Published: Knopf - May 21st, 2019

"[An] exhaustive, deeply reported account... Few other journalists could have written a book as personal and authoritative... As Arax makes plain in this important book, it's been the same story in California for almost two centuries now: When it comes to water, 'the resource is finite. The greed isn't.'"--Gary Krist, The New York Times Book Review


51 Tamal Vista Blvd
Corte Madera, CA 94925

Terry Shames with Mark Pryor - A Risky Undertaking for Loretta Singletary (Corte Madera Store)

Friday, July 19, 2019 - 7:00pm

In Conversation with Mark Pryor

Chief Samuel Craddock's old friend Loretta Singletary--a mainstay of the Jarrett Creek community--has undergone a transformation, with a new hairstyle and modern clothes. He thinks nothing of it until she disappears. Only then does he find out she has been meeting men through an online dating site for small-town participants. When a woman in the neighboring town of Bobtail turns up dead after meeting someone through the same dating site, Craddock becomes alarmed. Will Craddock be able to find Loretta before she suffers the same fate? Finding out what happened to Loretta forces him to investigate an online world he is unfamiliar with, and one which brings more than a few surprises. Engaging, suspenseful, and charming in equal measure, A Risky Undertaking for Loretta Singletary is another delightful entry in the Samuel Craddock series.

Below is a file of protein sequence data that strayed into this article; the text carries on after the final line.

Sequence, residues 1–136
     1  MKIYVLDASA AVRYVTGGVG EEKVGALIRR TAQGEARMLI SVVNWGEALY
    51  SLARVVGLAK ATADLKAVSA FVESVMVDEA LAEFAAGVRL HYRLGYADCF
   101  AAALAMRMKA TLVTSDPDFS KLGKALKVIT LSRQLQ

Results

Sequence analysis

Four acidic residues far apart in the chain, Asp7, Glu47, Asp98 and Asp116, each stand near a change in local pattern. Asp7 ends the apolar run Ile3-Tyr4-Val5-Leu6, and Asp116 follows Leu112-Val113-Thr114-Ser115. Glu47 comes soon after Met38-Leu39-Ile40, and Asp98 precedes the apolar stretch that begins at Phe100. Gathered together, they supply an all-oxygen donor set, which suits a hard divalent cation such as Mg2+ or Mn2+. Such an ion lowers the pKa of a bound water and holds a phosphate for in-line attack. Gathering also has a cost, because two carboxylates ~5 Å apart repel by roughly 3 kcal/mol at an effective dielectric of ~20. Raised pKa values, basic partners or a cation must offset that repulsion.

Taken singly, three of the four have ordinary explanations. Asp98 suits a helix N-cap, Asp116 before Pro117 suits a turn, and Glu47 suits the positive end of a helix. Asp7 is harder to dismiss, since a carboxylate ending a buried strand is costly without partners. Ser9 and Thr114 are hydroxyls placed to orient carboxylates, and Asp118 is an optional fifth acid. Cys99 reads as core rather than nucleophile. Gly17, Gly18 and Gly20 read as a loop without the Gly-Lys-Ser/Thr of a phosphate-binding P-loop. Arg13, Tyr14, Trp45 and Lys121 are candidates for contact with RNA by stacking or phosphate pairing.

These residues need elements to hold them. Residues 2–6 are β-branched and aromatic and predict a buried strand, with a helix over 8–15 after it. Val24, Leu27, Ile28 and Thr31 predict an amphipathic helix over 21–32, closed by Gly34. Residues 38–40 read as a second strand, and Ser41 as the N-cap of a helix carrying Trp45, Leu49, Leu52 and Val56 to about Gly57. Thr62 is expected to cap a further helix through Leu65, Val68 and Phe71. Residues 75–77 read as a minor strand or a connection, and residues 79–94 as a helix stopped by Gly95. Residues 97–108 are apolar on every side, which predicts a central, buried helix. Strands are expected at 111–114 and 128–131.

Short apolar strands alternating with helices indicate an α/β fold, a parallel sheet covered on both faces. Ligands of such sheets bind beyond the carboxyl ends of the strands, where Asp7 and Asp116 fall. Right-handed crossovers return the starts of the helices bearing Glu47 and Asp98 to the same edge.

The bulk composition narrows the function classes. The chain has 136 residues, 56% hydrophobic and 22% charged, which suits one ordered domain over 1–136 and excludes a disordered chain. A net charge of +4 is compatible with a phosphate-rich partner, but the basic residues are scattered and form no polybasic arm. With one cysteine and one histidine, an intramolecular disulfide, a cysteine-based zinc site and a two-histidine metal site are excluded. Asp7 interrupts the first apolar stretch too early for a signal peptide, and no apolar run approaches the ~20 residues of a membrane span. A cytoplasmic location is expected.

Terry Shames is the author of the Samuel Craddock mysteries A Killing at Cotton Hill, The Last Death of Jack Harbin, Dead Broke in Jarrett Creek, A Deadly Affair at Bobtail Ridge, The Necessary Murder of Nonie Blake, An Unsettling Crime for Samuel Craddock, and A Reckoning in the Back Country. She is a member of the Mystery Writers of America and Sisters in Crime.

Mark Pryor is the author of the Hugo Marston novels, The Bookseller, The Crypt Thief, The Blood Promise, The Button Man, The Reluctant Matador, The Paris Librarian, and The Sorbonne Affair, as well as Hollow Man and Dominic. He has also published the true-crime book As She Lay Sleeping. A native of Hertfordshire, England, Pryor is an assistant district attorney in Austin, Texas, where he lives with his wife and three children.

A Risky Undertaking for Loretta Singletary: A Samuel Craddock Mystery (Samuel Craddock Mysteries) Cover Image
$15.95
ISBN: 9781633884908
Availability: Usually Ships in 1-5 Days
Published: Seventh Street Books - April 23rd, 2019

A FAVORITE SERIES CHARACTER FINDS HERSELF IN HARM'S WAY. After using an online dating site for senior citizens, town favorite Loretta Singletary--maker of cinnamon rolls and arbiter of town gossip--goes missing. Chief Samuel Craddock's old friend Loretta Singletary--a mainstay of the Jarrett Creek community--has undergone a transformation, with a new hairstyle and modern clothes.


51 Tamal Vista Blvd
Corte Madera, CA 94925